Fifty years ago, Norman Borlaug toiled for a decade to breed more productive varieties of wheat. His team’s efforts saved several million people from starvation. Today, Jorge Dubcovsky, PhD, and a team of wheat breeders across the U.S. are accelerating this process by 3-4 years by using genetic marker technologies.
Dubcovsky leads a collaboration of wheat-breeding labs throughout the U.S. whose work has made this acceleration possible. He and his colleagues have mapped out more than 90,000 genetic markers in wheat plants and identiﬁed the markers that are linked to further increases in productivity, resistance to dangerous pathogens, and deeper root systems.
Scientists can use this technology to crossbreed varieties and then track through genetic monitoring whether the desired traits have been integrated. In this way, wheat varieties were developed to stop an outbreak of virulent races of stripe rust, which in 2000-2003 wiped out one quarter of the ﬁelds planted in California. The new varieties developed by this group can withstand the pathogens without being doused by fungicides and now cover 25% of the California wheat acreage.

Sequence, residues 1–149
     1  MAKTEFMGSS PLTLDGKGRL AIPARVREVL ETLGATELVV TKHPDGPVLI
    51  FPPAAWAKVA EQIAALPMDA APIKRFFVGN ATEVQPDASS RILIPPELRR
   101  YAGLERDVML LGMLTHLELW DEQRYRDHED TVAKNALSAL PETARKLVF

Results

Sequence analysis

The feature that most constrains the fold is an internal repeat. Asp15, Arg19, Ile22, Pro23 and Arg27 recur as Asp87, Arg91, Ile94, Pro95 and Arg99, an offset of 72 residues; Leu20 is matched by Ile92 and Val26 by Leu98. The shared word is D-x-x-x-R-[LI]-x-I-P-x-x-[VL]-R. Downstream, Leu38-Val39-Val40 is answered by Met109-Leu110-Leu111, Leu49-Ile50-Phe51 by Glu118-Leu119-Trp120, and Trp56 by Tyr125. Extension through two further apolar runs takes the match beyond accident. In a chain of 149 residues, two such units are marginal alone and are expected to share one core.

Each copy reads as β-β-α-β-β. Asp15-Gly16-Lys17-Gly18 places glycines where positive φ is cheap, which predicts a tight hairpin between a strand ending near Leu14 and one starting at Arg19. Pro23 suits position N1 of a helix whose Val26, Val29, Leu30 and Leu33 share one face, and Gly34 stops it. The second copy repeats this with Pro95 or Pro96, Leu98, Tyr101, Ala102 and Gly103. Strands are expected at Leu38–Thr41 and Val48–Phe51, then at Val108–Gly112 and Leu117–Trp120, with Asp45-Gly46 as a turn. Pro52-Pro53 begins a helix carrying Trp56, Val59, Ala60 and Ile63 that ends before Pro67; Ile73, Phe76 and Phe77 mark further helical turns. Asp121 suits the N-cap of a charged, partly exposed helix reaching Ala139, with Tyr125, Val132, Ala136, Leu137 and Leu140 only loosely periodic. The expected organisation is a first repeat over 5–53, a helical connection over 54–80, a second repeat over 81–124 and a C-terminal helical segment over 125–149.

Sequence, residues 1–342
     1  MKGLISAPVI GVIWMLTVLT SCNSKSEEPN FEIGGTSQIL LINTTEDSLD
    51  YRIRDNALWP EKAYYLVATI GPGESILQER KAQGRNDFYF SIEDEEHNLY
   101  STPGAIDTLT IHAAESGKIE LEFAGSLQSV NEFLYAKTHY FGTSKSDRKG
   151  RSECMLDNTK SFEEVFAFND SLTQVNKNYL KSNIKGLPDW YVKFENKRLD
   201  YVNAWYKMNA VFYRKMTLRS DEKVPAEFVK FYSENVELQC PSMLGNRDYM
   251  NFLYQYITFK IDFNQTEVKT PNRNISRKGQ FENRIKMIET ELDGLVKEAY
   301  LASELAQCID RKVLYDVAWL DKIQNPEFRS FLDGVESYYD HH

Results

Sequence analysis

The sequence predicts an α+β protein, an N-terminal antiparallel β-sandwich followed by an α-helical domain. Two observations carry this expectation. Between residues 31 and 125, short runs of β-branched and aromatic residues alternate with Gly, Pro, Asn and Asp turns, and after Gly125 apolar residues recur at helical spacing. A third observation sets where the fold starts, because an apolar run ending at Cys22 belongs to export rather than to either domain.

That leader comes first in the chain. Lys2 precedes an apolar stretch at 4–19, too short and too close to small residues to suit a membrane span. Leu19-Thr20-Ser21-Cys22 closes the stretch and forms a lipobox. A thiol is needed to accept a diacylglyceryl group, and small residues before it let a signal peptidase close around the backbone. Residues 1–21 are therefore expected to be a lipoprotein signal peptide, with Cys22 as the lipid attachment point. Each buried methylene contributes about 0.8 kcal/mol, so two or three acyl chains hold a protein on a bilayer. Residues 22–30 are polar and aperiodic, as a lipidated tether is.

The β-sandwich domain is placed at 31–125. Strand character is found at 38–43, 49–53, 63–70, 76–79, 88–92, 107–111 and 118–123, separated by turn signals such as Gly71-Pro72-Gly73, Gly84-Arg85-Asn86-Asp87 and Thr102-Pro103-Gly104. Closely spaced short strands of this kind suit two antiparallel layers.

“Our collaborations through USDA allows us to solve problems faster. Instead of competing for scarce funding, we can work together and solve critical problems.” – Jorge Dubcovsky
Dubcovsky is currently looking at reducing the amount of irrigation water that wheat varieties need by increasing the depth of the roots. This increases “drought tolerance,” the ability of the plant to survive with reduced irrigation. In all, varieties produced through this project currently cover more than 8.5 million acres.
Reprinted from SoAR Retaking the Field, Vol. 2